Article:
Should You Take Ojibwa Tea (Essiac)
By Sandy McKelvey
In 1922, Canadian nurse Rene Caisse met a woman with a noticeable scarred breast. The woman told her she had had cancer and gave Rene the formula for the Ojibwa Indian tea which had cured her. The tea consisted for four herbs: burdock root, sheep's sorrel, slippery elm and Indian rhubarb root. Rene didn't do anything with this formula until her aunt showed up with inoperable cancer. She then made a tea from the formula and gave it to her aunt who was completed cured. This so impressed Rene that she spent the rest of her life applying this miraculous cancer cure.
Conventional Medicine Has The Wrong Approach
There are thousands of patients who willingly admit to having been cured by Essiac Tea (Caisse spelled backwards). As you might expect, Rene was persecuted for close to 40 years. She was threatened with arrest a dozen times, yet doctors who had been referring patients to her always came to her rescue. She never took money for administrating the treatment, only donations, and she lived very modestly.
The resistance of Rene Caisse's approach is understandable. Conventional medicine has the notion that in order to treat cancer effectively, you must kill the cells. This "maximum purging" is the basis of surgery, chemotherapy and radiation therapy. We have had close to a hundred years of that, and the only result has been to assure the public that conventional medicine is a miserable failure, which is why cancer is the most dreaded disease in the modern world.
The active ingredients in Essiac tea have been used independently in naturopathic medicine for hundreds of years. They purify your blood and nourish individual cells, enhancing their strength and integrity. Whereas cancer therapies always weaken your body and its cellular resistance, Essiac tea functions in the opposite manner.
It is this departure from conventional cancer therapy that was the basis for the hostility generated towards Rene Caisse. Essiac tea does not cure cancer in everyone and she never labeled it as a cancer cure. It does relieve pain and improves your odds of overcoming the disease. There are hundreds of patients totally free of cancer who enthusiastically attribute their success to taking Essiac tea.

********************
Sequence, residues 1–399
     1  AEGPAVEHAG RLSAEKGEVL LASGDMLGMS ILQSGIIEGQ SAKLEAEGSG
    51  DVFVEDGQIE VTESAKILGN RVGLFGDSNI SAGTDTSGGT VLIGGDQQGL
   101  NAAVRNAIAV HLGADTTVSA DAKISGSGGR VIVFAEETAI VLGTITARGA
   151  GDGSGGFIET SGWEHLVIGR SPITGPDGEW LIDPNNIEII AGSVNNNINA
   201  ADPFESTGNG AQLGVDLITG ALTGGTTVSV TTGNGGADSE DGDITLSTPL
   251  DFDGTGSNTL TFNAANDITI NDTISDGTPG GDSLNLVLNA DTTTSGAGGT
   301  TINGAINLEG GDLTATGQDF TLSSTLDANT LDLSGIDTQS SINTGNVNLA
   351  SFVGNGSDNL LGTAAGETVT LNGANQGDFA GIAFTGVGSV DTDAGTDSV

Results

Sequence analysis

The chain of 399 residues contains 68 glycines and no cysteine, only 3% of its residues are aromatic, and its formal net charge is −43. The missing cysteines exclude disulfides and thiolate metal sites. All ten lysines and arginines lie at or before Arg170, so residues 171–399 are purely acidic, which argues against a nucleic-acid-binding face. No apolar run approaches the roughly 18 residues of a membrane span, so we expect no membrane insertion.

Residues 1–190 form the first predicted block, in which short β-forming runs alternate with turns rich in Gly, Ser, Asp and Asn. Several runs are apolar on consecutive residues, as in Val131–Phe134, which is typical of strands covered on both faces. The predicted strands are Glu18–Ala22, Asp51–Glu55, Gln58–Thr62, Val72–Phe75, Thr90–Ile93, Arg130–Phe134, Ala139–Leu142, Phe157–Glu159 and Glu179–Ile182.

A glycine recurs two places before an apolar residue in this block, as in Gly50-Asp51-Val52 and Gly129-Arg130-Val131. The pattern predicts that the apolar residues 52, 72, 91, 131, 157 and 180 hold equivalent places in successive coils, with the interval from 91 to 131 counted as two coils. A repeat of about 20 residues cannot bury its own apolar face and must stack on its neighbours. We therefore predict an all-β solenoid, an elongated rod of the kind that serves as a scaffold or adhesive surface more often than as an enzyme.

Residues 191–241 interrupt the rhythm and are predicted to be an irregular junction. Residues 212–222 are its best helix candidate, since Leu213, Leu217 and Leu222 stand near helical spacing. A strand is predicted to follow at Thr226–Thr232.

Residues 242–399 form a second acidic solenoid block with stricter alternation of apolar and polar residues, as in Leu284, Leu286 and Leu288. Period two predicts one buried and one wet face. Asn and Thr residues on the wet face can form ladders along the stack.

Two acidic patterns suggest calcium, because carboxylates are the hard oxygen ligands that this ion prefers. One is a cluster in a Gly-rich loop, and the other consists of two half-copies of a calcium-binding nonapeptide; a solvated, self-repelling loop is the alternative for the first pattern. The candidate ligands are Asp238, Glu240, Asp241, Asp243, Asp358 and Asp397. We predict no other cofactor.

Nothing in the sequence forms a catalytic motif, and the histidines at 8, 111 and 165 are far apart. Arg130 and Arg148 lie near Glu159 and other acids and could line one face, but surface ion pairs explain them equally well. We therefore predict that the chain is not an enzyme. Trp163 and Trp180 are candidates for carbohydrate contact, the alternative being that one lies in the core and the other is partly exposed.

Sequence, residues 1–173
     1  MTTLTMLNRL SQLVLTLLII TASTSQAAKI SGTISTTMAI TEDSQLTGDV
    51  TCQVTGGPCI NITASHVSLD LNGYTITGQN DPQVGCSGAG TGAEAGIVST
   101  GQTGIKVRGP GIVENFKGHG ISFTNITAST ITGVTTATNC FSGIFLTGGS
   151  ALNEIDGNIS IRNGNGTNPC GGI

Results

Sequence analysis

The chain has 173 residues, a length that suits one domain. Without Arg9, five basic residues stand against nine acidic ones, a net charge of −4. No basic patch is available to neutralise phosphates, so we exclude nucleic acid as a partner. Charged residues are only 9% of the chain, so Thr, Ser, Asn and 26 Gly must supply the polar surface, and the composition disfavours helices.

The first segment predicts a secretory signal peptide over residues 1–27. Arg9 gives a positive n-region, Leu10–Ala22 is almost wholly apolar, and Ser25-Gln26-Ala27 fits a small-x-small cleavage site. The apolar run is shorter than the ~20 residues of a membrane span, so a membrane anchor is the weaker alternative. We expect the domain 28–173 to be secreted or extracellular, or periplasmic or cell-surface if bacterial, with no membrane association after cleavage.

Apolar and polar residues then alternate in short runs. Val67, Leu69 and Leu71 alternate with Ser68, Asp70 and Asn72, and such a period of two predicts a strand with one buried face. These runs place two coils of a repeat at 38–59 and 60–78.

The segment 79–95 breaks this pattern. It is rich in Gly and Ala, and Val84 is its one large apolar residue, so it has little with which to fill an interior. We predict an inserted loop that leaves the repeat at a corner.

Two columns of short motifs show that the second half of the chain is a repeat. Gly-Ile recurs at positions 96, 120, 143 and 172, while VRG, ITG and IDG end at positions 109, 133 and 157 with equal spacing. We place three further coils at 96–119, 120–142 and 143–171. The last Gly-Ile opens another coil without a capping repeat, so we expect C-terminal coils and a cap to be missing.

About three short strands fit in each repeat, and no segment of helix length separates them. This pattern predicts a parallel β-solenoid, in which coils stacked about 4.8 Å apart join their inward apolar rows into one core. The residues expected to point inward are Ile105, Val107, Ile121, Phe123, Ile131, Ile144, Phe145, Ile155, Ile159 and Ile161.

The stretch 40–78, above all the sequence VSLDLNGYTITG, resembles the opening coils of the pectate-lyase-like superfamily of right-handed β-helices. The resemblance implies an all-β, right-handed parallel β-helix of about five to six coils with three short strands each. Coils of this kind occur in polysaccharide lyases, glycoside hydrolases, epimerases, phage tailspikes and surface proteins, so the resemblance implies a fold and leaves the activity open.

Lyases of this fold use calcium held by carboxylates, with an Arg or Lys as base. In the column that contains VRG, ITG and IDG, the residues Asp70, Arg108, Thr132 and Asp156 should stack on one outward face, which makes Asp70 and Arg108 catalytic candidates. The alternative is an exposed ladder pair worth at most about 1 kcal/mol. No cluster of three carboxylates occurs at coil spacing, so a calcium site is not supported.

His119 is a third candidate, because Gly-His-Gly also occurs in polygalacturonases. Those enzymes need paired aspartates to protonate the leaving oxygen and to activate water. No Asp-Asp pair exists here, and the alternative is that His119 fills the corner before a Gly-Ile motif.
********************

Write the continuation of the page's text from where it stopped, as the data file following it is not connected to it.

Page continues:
Ojibwa Tea (Essiac) Is Older Than Most Drugs You Know And It Works
Now think a minute. Essiac tea was give to Rene in 1927, and had probably been in use for hundreds of years before that. It is still in use. Can you name a drug that was discovered by conventional medicine a few hundred years ago and is still in use today? You see, human physiology does not change, yet modern medicine is more trendy with its therapies than fashion designers.
Rene protected Essiac from conventional medicine, which in my opinion and certainly in her opinion, would have destroyed it. She was clever enough not to allow mainstream physicians to "test" her remedy in ways that would "prove" it ineffective.
You don't need a double-blind, randomized, placebo-controlled trial to understand that Essiac tea can work. Reasonable men don't ignore the obvious. As soon as you've seen a terminal cancer patient go into complete remission after drinking the brew, you say to yourself, "this stuff does something."
Ojibwa Tea (Essiac) Also Helps Diabetics
Essiac tea also seems to help diabetics. In effect, one patient who had diabetes was evaluated by Dr. Fred-erick Santing, one of the discoverers of insulin, and he said the tea seems to regenerate the ability of your pancreas to produce insulin. I have seen records of diabetic patients who were taking insulin and were able to stop completely after the use of this herbal formula. I find it hard to believe the formula had a "placebo effect" that caused the pancreas to start producing insulin again.
For more information on Ojibwa tea, contact: Sandy McKelvey at (941) 362-9255.
Return to the March/April Index page